Paywalls, Advertising, And No Good Solution

I recently wrote an article, when Insights on Tech was strictly a newsletter about how paywalls not done right really anger me.

I called out a few publications doing it wrong. (The Financial Times, The Wall Street Journal, Digiday and Wired). I also pointed out how the New York Times and the Washington Post do it much better.

The more I think about the paywall model vs. the advertising model, the more I realize there is no prefect solution. As a publication you’re going to anger people with ads and pop-ups and you’re going to anger them if you put you content behind a paywall in any sort of way.

It’s a lose/lose. But ultimately you as the producer of the content need to get compensated for the time it takes to write the content and get it out to the masses.

So where do we stand? I’m not really sure. Insights on Tech has a Patreon and those who support us get perks. But, my goal is to still provide good content that is widely accessible as well.

So I’m going to explore more and I will report back.

What do you think? I’d love to hear your thoughts? Post your thoughts in the comments below. I’ve left this post free to all so have at it.

Photo by brotiN biswaS from Pexels


News Pay Walls

Update 2/6/2020

It’s not lost on me that I’m now producing my content behind a paywall. My goal is to provide content for those who want to support me as well as the masses. I hope my endeavors will be considered like the Times and the Post and not like the WSJ and the FT. As always, I encourage your comments.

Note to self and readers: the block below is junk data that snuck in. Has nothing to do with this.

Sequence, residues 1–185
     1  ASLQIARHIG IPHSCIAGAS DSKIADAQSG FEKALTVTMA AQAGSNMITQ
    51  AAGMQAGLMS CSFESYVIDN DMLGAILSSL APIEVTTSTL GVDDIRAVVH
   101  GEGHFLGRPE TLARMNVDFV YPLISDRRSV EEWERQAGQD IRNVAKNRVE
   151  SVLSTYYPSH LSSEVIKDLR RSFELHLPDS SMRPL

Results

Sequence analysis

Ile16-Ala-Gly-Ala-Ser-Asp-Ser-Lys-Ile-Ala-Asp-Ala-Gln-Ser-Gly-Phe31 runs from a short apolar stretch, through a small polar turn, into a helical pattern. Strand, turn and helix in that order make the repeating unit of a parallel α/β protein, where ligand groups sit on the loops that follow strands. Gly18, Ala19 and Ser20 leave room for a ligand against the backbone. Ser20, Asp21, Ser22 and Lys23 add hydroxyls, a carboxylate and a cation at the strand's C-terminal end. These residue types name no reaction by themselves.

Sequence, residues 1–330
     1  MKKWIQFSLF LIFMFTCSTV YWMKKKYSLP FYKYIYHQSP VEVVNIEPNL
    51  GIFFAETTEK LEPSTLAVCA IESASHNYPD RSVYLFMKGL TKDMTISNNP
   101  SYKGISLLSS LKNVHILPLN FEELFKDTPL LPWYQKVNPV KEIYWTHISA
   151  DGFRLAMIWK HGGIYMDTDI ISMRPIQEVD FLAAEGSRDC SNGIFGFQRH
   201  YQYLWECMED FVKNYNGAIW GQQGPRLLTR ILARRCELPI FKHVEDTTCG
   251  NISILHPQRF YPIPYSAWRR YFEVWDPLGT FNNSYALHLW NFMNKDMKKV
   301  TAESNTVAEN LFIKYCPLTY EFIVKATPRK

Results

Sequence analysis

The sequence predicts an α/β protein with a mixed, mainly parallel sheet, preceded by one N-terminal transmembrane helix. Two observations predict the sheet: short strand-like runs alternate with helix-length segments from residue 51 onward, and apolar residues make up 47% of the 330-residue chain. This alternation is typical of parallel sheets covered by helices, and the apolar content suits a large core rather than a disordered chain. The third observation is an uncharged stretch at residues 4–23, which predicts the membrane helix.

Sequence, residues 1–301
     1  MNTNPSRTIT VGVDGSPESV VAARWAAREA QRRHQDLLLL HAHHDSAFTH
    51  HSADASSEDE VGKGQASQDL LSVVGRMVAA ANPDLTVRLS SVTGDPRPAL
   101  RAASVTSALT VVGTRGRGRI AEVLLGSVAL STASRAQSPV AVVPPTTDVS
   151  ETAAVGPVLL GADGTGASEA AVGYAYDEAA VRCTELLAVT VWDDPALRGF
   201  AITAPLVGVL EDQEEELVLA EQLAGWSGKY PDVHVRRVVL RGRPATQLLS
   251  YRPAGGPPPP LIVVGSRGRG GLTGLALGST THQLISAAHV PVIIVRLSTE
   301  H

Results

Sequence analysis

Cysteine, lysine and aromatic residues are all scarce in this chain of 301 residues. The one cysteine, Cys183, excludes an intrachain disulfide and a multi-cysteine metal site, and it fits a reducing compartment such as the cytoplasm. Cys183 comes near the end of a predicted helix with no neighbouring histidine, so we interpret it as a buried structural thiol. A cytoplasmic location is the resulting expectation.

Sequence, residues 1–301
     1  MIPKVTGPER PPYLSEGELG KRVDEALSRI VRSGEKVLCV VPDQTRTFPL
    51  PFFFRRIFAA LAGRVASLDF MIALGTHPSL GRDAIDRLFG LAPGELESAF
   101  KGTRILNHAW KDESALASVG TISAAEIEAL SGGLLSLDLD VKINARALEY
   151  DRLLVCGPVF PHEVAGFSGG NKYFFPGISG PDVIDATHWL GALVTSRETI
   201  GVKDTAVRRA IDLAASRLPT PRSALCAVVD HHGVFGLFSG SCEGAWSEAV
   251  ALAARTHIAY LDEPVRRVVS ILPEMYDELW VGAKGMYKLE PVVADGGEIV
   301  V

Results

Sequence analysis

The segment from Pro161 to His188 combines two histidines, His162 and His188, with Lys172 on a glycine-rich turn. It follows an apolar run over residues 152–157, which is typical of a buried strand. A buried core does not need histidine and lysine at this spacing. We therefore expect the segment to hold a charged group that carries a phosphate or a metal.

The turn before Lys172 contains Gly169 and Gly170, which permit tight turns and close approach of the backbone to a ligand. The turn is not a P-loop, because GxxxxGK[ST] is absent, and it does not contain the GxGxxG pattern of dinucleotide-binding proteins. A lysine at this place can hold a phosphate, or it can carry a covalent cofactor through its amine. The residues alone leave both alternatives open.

The Good, The Bad, The Ugly

With the state of journalism in flux. Many news organizations have taken to the paywall as a solution to garner subscribers from their readership.

Many of these papers do it quite well. The New York Times and the Washington Post to name just two of them. Some do it terribly — The Wall Street Journal and The Financial Times. These last two don’t let you read without subscribing.

The Hybrid Model

Some online publications, like Business Insider and TechCrunch have a hybrid model, which seems to be working. They release quite a bit of of stories for free, but put the deeper, more in-depth articles behind premium memberships. This make sense. The more in depth, the better the content “should” be. And therefore should be put at a premium.

Missing The Point

What I’ve noticed is that some outlets are just missing the point of letting some of their content out for free.

Digiday and Wired are two great examples. These two, and I know there are a lot more out there, give readers a certain number of articles a month to read before subscribing. Then they block them from reading anymore without a subscription. This in my opinion misses the boat completely. Why punish the reader for wanting to read your content?

In the case of Digiday. I went so far as to unsubscribe from their newsletter. I did this for two reasons. One, because of how they approached asking me to subscribe. At no point did they make it clear that I had a limited number of “free” articles to read. Second their subscription price was way too high for what I needed from them. I liked the content they were putting out, but the price point was just way to high. Also with subscriptions galore, they making the cut for me. In the case of Wired, they have a low price point to subscribe and well, guess what? I did exactly that.

Another thing that irked me about Digiday as they were trying both the limited articles model and the premium content model. Some content was always behind a wall for premium subscribers. That made sense until they limited access to the “free content.”

I don’t know what the solution is, but I feel like there’s got to be subscription fatigue out there. Everything is a subscription now-a-days. And that’s not necessarily a bad thing.

But there are good ways of doing it, bad ways of doing it, and ugly ways of doing it.